“As your worship will have it so, senor,” said Sancho, “so be it; but throw your cloak over my shoulders, for I’m sweating and I don’t want to take cold; it’s a risk that novice disciplinants run.”

Don Quixote obeyed, and stripping himself covered Sancho, who slept until the sun woke him; they then resumed their journey, which for the time being they brought to an end at a village that lay three leagues farther on. They dismounted at a hostelry which Don Quixote recognised as such and did not take to be a castle with moat, turrets, portcullis, and drawbridge; for ever since he had been vanquished he talked more rationally about everything, as will be shown presently. They quartered him in a room on the ground floor, where in place of leather hangings there were pieces of painted serge such as they commonly use in villages. On one of them was painted by some very poor hand the Rape of Helen, when the bold guest carried her off from Menelaus, and on the other was the story of Dido and AEneas, she on a high tower, as though she were making signals with a half sheet to her fugitive guest who was out at sea flying in a frigate or brigantine. He noticed in the two stories that Helen did not go very reluctantly, for she was laughing slyly and roguishly; but the fair Dido was shown dropping tears the size of walnuts from her eyes. Don Quixote as he looked at them observed, “Those two ladies were very unfortunate not to have been born in this age, and I unfortunate above all men not to have been born in theirs. Had I fallen in with those gentlemen, Troy would not have been burned or Carthage destroyed, for it would have been only for me to slay Paris, and all these misfortunes would have been avoided.”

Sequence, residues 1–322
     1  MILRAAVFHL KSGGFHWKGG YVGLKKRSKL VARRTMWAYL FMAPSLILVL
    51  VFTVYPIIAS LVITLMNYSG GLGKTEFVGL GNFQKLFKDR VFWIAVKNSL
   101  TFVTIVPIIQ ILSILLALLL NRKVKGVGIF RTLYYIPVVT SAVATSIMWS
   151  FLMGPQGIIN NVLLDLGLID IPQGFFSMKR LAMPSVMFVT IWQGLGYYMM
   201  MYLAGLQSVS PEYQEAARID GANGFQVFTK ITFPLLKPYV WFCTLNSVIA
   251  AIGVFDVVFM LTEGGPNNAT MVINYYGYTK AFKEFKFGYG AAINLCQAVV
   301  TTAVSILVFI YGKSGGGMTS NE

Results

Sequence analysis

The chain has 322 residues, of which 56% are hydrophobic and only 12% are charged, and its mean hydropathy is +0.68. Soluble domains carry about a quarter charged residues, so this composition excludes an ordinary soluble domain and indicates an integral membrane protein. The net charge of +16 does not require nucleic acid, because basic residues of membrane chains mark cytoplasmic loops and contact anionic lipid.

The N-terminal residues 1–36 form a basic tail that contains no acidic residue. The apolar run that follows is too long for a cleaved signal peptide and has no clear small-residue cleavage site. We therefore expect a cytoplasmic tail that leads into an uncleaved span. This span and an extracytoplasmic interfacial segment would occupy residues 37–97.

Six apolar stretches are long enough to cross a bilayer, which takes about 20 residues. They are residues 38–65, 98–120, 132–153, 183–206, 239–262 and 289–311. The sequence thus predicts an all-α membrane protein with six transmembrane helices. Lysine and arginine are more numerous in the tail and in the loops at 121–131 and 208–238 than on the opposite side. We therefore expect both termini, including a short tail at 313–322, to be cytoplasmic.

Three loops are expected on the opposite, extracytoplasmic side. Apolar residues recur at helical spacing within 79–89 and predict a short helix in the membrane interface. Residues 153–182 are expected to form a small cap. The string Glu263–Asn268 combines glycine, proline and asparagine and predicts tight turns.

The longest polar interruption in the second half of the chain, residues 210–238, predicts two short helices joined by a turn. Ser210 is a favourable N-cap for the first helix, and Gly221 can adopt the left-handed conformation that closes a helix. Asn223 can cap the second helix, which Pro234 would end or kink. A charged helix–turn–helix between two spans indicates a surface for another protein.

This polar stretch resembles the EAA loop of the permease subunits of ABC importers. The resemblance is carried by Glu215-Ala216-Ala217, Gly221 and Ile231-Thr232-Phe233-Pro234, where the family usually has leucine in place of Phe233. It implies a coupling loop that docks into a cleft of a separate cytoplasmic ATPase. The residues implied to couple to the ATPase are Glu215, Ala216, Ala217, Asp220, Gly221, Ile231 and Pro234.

“I’ll lay a bet,” said Sancho, “that before long there won’t be a tavern, roadside inn, hostelry, or barber’s shop where the story of our doings won’t be painted up; but I’d like it painted by the hand of a better painter than painted these.”

“Thou art right, Sancho,” said Don Quixote, “for this painter is like Orbaneja, a painter there was at Ubeda, who when they asked him what he was painting, used to say, ‘Whatever it may turn out; and if he chanced to paint a cock he would write under it, ‘This is a cock,’ for fear they might think it was a fox. The painter or writer, for it’s all the same, who published the history of this new Don Quixote that has come out, must have been one of this sort I think, Sancho, for he painted or wrote ‘whatever it might turn out;’ or perhaps he is like a poet called Mauleon that was about the Court some years ago, who used to answer at haphazard whatever he was asked, and on one asking him what Deum de Deo meant, he replied De donde diere. But, putting this aside, tell me, Sancho, hast thou a mind to have another turn at thyself to-night, and wouldst thou rather have it indoors or in the open air?”